The areas closest to the recently burned Notre Dame are closed due to unsafe levels of lead contamination reaching between 32 and 65 times the limit recommended by French health authorities of 0.3 grams per kilogram, reports the Associated Press.
France banned the use of lead in paints in 1948 but the 12th-century cathedral's roof and infrastructure largely consisted of the toxic chemical element. The roof of the cathedral melted, releasing high levels of lead that may have made its way to the outside plaza, homes, buildings, and adjacent roads. Additionally, hundreds of tons of lead were used in the construction of the cathedral’s frame and the church spire that collapsed during the fire, the Weather Channel reports.
Two weeks following the blaze, officials advised those around the Notre Dame to clean surfaces with a damp cloth where lead dust may have settled. However, police issued a statement Thursday that there is no risk of toxic inhalation from the air, and that the high levels are confined to the now-closed land nearest the cathedral, reports The Guardian.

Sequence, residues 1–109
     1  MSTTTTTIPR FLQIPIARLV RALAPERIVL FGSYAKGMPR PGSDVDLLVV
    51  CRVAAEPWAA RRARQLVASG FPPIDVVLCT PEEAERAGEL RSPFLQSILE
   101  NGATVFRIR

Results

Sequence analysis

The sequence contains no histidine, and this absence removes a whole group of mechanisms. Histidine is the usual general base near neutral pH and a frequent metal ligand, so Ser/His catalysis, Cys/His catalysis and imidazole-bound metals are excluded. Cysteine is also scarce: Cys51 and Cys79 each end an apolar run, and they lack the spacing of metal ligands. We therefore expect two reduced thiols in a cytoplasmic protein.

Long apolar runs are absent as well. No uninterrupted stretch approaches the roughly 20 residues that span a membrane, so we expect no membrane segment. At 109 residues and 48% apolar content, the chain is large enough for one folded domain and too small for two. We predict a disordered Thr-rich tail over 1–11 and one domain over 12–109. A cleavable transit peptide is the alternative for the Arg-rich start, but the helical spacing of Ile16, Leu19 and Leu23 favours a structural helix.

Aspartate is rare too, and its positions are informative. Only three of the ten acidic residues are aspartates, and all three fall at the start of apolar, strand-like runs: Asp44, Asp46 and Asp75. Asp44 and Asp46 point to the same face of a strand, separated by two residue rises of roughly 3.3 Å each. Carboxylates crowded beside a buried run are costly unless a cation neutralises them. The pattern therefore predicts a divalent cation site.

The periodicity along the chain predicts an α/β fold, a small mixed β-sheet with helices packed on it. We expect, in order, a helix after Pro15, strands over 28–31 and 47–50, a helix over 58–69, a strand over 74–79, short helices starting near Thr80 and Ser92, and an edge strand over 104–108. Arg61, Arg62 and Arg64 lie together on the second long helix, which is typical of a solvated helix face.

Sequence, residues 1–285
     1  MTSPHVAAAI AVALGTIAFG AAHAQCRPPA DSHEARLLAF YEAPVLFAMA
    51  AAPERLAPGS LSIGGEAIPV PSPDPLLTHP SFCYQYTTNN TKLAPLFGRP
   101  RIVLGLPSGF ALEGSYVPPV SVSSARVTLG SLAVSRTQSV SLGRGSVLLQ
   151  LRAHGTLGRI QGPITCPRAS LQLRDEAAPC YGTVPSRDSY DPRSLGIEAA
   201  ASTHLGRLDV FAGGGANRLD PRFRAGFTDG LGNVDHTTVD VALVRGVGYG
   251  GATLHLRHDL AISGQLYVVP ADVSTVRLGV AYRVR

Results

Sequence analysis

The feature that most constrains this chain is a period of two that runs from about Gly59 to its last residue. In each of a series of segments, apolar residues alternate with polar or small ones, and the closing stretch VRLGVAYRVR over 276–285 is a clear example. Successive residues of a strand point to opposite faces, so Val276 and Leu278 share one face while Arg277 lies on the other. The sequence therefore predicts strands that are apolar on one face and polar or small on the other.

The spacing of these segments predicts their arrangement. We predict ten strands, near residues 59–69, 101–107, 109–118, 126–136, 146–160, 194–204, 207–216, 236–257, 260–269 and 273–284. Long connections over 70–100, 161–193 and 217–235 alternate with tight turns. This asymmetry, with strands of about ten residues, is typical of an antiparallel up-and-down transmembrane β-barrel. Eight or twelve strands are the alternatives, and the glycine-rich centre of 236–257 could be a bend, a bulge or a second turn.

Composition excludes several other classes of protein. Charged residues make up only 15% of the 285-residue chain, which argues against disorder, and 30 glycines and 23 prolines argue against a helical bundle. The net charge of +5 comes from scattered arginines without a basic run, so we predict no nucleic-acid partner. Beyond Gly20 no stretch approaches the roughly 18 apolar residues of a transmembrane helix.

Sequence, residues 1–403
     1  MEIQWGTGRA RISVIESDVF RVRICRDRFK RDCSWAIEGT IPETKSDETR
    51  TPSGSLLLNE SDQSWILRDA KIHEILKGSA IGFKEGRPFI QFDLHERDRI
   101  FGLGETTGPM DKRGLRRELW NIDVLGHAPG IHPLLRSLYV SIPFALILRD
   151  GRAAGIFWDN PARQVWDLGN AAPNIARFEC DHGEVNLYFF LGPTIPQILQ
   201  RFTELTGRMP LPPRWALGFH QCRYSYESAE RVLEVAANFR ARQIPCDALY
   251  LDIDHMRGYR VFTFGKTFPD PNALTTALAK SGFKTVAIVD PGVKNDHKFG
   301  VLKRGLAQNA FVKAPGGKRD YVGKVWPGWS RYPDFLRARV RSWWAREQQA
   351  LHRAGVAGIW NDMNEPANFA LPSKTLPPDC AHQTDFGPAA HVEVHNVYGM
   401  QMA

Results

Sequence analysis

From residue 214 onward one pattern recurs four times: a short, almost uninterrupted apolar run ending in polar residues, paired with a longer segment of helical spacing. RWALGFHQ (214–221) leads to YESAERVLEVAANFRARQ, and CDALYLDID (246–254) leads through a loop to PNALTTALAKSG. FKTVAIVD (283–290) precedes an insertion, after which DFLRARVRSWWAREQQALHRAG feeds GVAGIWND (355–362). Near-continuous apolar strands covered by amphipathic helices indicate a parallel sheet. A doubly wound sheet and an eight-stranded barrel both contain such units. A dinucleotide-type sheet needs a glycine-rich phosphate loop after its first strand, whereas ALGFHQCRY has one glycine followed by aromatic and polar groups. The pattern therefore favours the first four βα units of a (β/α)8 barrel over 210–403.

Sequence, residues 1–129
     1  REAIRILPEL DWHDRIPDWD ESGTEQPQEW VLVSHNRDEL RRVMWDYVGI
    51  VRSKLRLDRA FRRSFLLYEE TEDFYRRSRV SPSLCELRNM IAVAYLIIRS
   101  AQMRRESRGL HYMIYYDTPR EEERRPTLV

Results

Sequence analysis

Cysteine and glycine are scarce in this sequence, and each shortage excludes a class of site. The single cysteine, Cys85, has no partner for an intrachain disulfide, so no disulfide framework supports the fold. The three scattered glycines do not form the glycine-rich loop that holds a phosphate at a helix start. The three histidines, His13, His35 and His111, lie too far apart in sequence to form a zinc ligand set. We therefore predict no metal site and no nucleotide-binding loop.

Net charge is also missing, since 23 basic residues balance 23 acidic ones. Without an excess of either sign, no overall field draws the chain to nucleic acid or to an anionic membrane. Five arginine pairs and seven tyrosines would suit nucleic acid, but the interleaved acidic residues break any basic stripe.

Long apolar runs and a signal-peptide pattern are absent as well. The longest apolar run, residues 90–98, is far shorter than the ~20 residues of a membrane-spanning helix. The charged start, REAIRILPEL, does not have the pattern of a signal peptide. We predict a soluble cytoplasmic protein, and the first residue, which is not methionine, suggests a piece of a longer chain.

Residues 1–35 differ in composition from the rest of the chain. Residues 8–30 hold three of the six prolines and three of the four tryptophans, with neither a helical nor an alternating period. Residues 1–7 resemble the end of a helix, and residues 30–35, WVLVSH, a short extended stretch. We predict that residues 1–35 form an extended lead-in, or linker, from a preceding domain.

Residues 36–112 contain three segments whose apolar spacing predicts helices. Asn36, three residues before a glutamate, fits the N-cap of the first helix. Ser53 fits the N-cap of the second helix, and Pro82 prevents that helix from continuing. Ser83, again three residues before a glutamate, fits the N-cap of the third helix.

According to the Mayo Clinic, lead poisoning occurs when lead builds up in the body over a long period of time and is particularly dangerous to children younger than 6 and pregnant woman. However, even a small amount of lead can be dangerous to vulnerable groups and very high levels have proven to be fatal.
“Lead-based paint and lead-contaminated dust in older buildings are the most common sources of lead poisoning in children. Other sources include contaminated air, water and soil,” notes the clinic, adding that there is a treatment for lead poisoning but its detection can be difficult with signs and symptoms not normally appearing until dangerous amounts have already built up in the bloodstream.
A statement sent to government officials by the French environmental group Robin des Bois asks that all waste associated with the wreckage be considered toxic and that an outlined method of handling such waste be put into action as soon as possible.
“It is really important that the streets of Paris are analyzed for lead as soon as possible and before it starts to rain,” said chemistry professor Michael Anderson in an accompanying post. “This is unlikely to be a problem of air pollution but of solid particles on the ground. It could be carried by waterways.”
[H/T: Associated Press]